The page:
This will be brief, as I just took my chemo and expect to be woozy and useless in a few minutes.
Something I've noticed about American society--and something I don't necessarily agree with--is that, as a culture, we value potential more than anything else. The starkest point I've noticed is that, when a child dies, it's treated as the ultimate tragedy; on the other hand, if someone elderly dies, it passes with resolution and sometimes a sense of relief. (I understand relief if the person suffered from some prolonged illness, like Alzheimer's or severe arthritis. That's not what this comment is about. That same relief can be applied to a younger person.) What is the greatest commodity lost if a child dies? The potential to be something great. However, when someone in their 80s or such dies, with them goes a bounty of knowledge and experience.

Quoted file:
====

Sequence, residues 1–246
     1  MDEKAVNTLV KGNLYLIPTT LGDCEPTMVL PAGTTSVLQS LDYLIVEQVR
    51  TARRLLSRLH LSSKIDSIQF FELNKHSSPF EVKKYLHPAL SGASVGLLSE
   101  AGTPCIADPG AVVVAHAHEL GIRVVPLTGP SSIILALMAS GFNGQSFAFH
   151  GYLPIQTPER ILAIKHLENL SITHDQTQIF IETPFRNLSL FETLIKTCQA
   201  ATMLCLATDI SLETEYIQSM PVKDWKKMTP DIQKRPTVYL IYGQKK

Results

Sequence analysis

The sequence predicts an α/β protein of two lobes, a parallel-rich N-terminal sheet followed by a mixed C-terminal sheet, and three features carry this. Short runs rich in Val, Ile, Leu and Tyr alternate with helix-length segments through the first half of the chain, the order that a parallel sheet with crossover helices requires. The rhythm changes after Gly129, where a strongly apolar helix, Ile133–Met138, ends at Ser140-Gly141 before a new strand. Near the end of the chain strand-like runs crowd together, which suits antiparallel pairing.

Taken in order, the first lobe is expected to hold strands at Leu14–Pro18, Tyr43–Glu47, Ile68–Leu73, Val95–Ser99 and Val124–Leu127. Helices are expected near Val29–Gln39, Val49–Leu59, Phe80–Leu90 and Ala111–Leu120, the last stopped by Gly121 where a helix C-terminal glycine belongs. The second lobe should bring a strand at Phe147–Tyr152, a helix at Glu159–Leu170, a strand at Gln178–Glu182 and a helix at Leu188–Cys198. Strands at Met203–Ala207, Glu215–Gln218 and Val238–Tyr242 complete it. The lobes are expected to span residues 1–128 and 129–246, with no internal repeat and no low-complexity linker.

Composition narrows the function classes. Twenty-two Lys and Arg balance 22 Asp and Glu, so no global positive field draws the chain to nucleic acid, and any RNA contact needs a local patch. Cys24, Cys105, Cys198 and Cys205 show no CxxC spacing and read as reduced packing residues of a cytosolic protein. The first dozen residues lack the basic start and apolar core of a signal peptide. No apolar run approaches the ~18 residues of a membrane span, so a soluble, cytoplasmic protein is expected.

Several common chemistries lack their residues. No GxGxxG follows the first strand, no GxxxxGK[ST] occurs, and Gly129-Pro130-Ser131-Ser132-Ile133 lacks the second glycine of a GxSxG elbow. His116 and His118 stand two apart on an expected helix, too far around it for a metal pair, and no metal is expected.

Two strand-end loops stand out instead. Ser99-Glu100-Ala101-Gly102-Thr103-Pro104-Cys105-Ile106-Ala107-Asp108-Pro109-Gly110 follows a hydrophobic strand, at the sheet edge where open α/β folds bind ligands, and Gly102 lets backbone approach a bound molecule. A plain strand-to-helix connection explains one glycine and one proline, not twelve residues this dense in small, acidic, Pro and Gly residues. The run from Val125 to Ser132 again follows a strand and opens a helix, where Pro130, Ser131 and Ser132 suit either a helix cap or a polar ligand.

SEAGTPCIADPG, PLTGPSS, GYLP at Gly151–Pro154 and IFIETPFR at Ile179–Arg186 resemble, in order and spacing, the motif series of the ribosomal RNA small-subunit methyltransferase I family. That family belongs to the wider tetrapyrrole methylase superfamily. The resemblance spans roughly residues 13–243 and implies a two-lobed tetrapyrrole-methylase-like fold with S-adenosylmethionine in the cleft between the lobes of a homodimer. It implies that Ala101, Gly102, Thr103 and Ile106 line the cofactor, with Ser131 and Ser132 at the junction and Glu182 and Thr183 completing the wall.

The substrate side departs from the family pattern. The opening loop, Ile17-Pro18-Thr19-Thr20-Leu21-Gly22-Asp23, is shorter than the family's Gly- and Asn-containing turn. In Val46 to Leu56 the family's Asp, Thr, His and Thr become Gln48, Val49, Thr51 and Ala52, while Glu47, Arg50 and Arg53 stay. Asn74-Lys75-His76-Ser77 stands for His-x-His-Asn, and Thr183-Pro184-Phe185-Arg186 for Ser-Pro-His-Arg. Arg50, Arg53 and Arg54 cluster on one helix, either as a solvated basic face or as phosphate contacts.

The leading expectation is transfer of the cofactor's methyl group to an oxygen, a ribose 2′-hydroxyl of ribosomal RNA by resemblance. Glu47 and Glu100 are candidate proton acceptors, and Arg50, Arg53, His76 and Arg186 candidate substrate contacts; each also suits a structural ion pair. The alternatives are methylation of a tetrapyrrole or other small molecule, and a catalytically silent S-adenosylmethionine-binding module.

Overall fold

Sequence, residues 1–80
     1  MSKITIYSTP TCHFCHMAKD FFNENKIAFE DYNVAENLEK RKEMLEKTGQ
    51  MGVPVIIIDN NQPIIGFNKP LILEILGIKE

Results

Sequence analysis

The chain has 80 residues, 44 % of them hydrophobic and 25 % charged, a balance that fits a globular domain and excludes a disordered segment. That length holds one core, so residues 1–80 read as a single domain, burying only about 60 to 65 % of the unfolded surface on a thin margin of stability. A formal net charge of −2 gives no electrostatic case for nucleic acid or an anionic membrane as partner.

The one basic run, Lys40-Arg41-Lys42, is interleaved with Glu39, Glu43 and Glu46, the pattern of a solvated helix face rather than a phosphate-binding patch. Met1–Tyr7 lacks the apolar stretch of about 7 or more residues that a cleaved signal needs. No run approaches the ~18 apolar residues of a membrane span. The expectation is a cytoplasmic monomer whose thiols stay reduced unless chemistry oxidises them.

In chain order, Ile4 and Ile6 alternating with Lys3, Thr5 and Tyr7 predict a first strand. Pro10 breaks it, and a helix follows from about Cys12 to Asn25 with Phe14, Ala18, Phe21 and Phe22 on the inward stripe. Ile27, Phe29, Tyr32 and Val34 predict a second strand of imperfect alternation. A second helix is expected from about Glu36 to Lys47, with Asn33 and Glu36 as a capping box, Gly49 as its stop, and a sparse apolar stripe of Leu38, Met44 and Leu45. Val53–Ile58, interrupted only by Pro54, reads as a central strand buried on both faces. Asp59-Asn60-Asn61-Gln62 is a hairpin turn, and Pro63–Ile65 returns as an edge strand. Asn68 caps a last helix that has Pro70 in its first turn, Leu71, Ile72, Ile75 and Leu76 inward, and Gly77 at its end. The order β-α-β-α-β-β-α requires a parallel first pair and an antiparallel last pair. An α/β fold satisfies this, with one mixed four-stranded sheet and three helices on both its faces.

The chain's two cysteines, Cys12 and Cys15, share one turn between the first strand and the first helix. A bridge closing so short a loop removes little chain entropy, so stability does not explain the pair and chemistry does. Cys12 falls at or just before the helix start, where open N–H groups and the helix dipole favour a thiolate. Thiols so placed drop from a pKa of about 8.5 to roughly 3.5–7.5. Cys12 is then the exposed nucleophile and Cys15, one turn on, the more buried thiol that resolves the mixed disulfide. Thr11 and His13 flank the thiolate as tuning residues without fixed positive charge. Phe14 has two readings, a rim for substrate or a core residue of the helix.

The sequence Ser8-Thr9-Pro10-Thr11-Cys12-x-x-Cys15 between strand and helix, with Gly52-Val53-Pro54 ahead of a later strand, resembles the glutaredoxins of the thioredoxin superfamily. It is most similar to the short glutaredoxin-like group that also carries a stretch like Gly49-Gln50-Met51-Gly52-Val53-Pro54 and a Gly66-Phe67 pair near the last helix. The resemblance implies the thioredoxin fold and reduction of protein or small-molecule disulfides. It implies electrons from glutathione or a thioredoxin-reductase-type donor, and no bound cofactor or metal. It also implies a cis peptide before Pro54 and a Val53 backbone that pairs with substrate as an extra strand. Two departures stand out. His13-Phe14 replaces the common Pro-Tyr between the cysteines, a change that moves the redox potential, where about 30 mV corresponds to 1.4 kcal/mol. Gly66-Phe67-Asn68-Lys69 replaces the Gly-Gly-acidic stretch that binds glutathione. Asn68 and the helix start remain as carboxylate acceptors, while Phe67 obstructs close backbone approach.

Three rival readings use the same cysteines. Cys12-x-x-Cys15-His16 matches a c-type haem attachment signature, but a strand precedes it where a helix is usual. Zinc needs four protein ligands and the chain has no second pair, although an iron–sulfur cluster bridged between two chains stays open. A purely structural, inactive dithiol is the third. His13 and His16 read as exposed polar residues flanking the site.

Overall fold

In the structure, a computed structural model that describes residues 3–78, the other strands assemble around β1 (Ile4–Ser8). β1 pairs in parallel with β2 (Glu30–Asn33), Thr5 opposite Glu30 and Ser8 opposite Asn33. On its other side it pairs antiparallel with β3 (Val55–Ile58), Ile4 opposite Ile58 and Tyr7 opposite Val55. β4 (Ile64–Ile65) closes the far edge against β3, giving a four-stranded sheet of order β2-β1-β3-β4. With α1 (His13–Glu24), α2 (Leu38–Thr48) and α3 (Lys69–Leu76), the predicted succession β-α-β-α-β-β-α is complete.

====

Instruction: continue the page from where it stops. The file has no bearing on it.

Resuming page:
I've thought about this off and on for a long time, but recently, I had the privilege to talk to a woman just short of her 97th birthday, who has been sewing since she was a small girl. She's been sewing, a learned and valuable skill, for nearly a century. How often do you meet someone who's been doing something, anything (apart from, say, breathing), for very close to a hundred years? There is so much to learn from her, and so much fulfillment. Potential just doesn't come close.
Feel free to disagree with me. This is just how I see the world. YMMV.
I feel chemo brain setting in. Time to let my IQ drop by half in private.